bathroom dedicated circuit

Reply

  #1  
Old 04-17-07, 10:17 AM
Member
Thread Starter
Join Date: Dec 2005
Location: New York
Posts: 305
bathroom dedicated circuit

I have a very small bathroom, with a pedestal sink (base won't fit). Directly in front of the sink to the right corner I have a GFI Plug and a switch that runs off to the exhaust fan, all of which is on the same circuit as the lights and many other rooms. I am aware that to todays standards that is against code. My first question is, how does the dedicated circuit work for the bathroom. Can I have the exhaust fan, lights and plug on its own circuit? And also what is the required AMP 15 or 20? My second question is, I know that the placement of the plug says adjacent to the sink, is it ok that I have it in front of the sink and in the right corner (most houses I have seen set up this way). It seems that whether it is in that corner or to the right of the sink it is the same distance away, in fact it seems safer where I have it.
 
Sponsored Links
  #2  
Old 04-17-07, 10:36 AM
Member
Join Date: Sep 2003
Location: Central New York State
Posts: 13,973
There are two ways that the receptacles in bathrooms may be powered.

You may run a 20 amp circuit to the bathroom and power the receptacle(s) in the bathroom with this circuit. You may also power any other loads in the same bathroom on this circuit, such as lights, vents, heaters, etc.

OR


You may run a 20 amp circuit to the bathroom and power the receptacle(s) in the bathroom on this circuit. This same 20 amp circuit may power the receptacles in any other bathrooms in the house.
 
  #3  
Old 04-17-07, 10:39 AM
Member
Thread Starter
Join Date: Dec 2005
Location: New York
Posts: 305
Excellent, thanks for the fast response. Right now it is all 15 amp so I guess I better change the wire over to 12-2.
 
  #4  
Old 04-17-07, 12:37 PM
Member
Join Date: Sep 2000
Location: United States
Posts: 18,497
All bathroom receptacles must be on 20-amp circuits. But you have two main options with regard to the circuit that the bathroom receptacles are on:

Option (1): Anything else in the same bathroom may be on the same circuit as a bathroom receptacle as long as nothing outside this one bathroom is on the circuit.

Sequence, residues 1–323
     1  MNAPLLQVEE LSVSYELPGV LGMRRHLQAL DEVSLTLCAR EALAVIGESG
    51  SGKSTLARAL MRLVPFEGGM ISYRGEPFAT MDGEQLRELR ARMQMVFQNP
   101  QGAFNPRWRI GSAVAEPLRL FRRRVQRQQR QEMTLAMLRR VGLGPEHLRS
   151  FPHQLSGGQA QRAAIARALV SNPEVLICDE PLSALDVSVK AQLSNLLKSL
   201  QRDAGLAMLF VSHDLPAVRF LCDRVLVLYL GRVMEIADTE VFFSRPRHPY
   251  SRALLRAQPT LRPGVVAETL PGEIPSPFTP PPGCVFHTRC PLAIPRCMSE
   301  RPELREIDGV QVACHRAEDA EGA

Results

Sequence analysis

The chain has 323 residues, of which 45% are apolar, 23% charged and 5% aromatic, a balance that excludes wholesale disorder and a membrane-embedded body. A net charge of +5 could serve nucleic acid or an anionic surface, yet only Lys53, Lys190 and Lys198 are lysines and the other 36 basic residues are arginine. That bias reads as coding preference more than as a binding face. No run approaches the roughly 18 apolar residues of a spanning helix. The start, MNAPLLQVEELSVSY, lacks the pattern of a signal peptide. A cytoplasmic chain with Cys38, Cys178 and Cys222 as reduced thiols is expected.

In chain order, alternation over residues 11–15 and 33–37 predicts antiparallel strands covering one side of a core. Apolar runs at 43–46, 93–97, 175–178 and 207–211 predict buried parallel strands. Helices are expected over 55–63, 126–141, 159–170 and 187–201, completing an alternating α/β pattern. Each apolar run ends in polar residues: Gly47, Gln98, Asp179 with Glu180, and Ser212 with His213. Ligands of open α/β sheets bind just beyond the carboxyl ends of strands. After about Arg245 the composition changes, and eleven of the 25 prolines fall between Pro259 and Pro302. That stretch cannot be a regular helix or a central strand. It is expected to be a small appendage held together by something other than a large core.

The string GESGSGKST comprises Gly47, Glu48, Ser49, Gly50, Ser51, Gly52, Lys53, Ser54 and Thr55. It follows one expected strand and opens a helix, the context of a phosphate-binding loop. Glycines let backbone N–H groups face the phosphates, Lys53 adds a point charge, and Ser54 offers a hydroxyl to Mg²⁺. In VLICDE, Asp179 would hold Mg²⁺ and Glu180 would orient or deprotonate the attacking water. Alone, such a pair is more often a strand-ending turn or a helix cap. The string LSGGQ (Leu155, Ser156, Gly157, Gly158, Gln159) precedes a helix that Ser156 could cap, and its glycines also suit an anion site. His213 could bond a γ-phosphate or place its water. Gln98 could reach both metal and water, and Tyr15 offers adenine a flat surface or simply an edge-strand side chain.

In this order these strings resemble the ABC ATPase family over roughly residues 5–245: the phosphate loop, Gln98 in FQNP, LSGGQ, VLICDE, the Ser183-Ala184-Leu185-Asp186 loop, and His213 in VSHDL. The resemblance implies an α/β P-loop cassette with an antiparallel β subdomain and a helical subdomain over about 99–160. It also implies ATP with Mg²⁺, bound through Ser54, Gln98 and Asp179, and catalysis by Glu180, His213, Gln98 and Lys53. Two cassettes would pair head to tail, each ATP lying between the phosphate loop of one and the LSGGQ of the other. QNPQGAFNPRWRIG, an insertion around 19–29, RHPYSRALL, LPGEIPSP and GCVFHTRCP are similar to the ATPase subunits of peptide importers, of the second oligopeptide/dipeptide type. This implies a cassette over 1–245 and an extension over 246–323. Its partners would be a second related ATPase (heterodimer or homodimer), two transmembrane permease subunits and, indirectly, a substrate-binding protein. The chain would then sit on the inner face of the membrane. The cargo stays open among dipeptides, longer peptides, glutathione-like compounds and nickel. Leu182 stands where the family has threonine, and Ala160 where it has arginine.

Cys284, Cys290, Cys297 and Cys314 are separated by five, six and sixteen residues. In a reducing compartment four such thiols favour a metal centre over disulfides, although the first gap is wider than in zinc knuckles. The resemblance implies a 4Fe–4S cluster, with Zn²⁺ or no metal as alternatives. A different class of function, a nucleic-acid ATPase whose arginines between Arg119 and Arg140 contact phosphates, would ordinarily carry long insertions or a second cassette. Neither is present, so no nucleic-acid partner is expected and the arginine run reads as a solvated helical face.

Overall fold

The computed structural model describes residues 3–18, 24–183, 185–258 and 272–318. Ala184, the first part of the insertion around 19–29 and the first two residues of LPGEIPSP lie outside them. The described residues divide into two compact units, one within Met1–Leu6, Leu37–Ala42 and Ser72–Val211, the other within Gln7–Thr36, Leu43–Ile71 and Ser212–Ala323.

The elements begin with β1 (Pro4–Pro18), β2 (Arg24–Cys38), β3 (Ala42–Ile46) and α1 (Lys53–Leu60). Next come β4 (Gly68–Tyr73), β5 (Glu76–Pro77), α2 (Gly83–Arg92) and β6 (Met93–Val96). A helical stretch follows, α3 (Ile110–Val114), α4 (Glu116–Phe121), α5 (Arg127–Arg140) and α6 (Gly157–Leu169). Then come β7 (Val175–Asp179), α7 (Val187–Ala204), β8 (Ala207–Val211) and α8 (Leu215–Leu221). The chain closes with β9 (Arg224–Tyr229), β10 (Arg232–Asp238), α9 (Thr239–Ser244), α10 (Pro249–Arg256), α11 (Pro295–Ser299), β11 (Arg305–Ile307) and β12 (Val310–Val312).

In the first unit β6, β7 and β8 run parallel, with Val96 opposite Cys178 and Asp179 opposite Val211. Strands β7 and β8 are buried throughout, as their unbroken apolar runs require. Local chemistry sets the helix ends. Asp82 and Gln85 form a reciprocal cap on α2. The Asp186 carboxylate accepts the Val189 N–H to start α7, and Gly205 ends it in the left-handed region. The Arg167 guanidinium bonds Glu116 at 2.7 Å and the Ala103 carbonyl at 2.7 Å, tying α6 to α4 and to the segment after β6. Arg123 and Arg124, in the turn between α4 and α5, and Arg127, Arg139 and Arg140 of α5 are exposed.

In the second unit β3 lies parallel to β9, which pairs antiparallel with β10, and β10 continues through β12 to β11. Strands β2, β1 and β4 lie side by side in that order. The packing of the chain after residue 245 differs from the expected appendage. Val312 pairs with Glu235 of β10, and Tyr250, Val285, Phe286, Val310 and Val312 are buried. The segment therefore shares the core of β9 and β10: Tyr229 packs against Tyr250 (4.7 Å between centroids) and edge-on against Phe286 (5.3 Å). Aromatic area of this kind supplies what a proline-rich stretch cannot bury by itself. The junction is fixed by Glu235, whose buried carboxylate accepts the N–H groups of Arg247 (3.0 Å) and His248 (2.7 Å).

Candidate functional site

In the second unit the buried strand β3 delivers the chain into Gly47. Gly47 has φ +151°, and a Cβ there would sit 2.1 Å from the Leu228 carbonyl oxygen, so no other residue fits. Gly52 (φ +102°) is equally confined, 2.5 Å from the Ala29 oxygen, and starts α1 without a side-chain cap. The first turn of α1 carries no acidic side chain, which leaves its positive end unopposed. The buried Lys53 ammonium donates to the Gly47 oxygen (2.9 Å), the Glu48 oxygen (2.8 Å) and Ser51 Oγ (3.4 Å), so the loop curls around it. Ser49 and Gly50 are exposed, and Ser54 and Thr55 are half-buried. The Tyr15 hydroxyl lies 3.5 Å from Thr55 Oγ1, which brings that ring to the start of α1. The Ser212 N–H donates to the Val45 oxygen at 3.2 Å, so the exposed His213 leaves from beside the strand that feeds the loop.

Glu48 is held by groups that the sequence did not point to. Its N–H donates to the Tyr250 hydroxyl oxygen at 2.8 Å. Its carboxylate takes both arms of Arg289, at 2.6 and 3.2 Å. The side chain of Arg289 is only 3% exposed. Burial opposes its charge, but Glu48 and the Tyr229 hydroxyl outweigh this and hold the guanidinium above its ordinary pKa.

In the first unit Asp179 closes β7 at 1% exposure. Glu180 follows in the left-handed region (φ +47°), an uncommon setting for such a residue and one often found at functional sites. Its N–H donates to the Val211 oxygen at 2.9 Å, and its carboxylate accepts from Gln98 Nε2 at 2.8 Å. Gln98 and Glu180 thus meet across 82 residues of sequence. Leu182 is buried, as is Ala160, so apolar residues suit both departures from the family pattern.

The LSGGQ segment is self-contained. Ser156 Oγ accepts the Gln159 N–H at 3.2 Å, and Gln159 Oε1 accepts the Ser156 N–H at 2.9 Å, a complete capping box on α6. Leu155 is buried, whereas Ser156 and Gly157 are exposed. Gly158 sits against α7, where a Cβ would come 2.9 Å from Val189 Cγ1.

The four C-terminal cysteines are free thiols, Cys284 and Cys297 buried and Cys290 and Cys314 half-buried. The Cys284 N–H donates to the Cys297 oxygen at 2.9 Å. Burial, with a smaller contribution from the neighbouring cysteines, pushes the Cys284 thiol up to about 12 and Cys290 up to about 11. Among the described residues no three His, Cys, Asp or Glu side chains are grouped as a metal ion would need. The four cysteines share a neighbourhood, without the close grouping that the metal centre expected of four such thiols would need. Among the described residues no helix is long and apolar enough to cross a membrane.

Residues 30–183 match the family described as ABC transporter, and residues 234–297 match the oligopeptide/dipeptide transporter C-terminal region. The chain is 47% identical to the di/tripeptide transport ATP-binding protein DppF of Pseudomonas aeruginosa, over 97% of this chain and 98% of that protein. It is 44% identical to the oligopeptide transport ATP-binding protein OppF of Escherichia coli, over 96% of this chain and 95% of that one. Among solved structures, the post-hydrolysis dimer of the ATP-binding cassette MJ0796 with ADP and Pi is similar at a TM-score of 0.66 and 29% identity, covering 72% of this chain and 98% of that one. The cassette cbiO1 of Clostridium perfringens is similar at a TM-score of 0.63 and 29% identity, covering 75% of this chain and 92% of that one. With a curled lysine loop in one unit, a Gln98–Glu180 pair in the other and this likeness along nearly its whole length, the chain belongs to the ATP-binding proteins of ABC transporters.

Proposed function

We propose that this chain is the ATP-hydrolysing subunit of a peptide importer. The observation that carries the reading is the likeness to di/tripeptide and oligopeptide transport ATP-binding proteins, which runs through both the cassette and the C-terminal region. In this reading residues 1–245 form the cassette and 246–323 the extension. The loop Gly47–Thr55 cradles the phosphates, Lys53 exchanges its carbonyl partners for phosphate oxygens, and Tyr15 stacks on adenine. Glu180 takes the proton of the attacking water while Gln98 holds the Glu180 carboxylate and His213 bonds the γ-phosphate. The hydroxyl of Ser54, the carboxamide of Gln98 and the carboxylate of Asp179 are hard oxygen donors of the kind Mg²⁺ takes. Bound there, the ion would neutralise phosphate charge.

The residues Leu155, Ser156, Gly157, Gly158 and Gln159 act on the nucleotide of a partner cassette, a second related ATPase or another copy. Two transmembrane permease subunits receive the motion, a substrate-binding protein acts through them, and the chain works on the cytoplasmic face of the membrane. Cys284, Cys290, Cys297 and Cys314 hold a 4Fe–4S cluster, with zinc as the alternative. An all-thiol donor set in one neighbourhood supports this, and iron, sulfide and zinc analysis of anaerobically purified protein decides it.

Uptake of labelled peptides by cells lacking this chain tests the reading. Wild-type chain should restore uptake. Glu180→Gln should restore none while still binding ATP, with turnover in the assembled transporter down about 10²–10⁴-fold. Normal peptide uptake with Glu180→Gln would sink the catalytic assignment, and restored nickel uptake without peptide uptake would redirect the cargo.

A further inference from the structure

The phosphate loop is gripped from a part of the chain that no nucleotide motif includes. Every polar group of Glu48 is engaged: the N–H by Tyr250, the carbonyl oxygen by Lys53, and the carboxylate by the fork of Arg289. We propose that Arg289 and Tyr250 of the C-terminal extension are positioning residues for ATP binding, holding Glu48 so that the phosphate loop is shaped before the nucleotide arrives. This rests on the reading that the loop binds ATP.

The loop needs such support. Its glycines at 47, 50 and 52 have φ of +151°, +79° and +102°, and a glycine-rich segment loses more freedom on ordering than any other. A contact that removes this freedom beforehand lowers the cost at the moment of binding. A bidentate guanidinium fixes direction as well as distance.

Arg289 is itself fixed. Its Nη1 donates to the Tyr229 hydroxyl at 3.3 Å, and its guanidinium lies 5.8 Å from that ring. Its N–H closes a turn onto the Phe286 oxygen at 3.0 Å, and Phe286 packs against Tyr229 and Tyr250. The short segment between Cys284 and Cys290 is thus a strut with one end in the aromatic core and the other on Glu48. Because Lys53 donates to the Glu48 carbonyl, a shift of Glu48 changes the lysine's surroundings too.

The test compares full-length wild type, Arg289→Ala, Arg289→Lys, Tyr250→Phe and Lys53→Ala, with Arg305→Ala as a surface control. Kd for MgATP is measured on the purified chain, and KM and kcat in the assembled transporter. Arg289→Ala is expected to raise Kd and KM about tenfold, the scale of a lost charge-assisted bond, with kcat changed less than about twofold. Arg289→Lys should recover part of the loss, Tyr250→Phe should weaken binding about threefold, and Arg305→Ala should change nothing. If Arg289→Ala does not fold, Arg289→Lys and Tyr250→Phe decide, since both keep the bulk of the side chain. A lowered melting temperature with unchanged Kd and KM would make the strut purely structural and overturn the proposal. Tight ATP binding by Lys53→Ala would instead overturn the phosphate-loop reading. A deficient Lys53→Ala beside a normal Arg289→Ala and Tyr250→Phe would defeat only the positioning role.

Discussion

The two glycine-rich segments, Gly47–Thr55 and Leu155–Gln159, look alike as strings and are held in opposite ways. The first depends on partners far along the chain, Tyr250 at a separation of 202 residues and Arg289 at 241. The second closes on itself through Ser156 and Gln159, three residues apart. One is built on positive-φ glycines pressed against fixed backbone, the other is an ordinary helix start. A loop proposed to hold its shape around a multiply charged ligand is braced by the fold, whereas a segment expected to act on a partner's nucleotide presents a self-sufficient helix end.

Option (2): Receptacles in more than one bathroom may be on the same circuit as long as nothing except bathroom receptacles are on that circuit.

Code requires at least one GFCI-protected receptacle within 36" of the rim of each sink. It can be in any direction from that rim (e.g., on the back wall or on a side wall).

Note: I got distracted and it was two hours between the time I typed this post and when I posted it.
 
  #5  
Old 04-17-07, 02:41 PM
HotxxxxxxxOKC's Avatar
Banned. Rule And/Or Policy Violation
Join Date: Jul 2006
Location: USA
Posts: 8,044
Is your current wiring 14ga? Sometimes they will wire the house with 12ga and use 15 amp breaker.

As you already know, if you have 20amp breaker, it has to be 12ga.
 
  #6  
Old 04-18-07, 07:51 AM
Member
Thread Starter
Join Date: Dec 2005
Location: New York
Posts: 305
yeah it currently is 14 guage on a 15amp breaker. It is also that old BX from 1952 that crumbles as you touch it, so I have no problem changing all the wire. Slowly I have been doing one room at a time, I guess this is some more motivation to finish another room!
 
Reply

Posting Rules
You may not post new threads
You may not post replies
You may not post attachments
You may not edit your posts

BB code is On
Smilies are On
[IMG] code is On
HTML code is Off
Trackbacks are Off
Pingbacks are Off
Refbacks are Off


Thread Tools
Search this Thread
Display Modes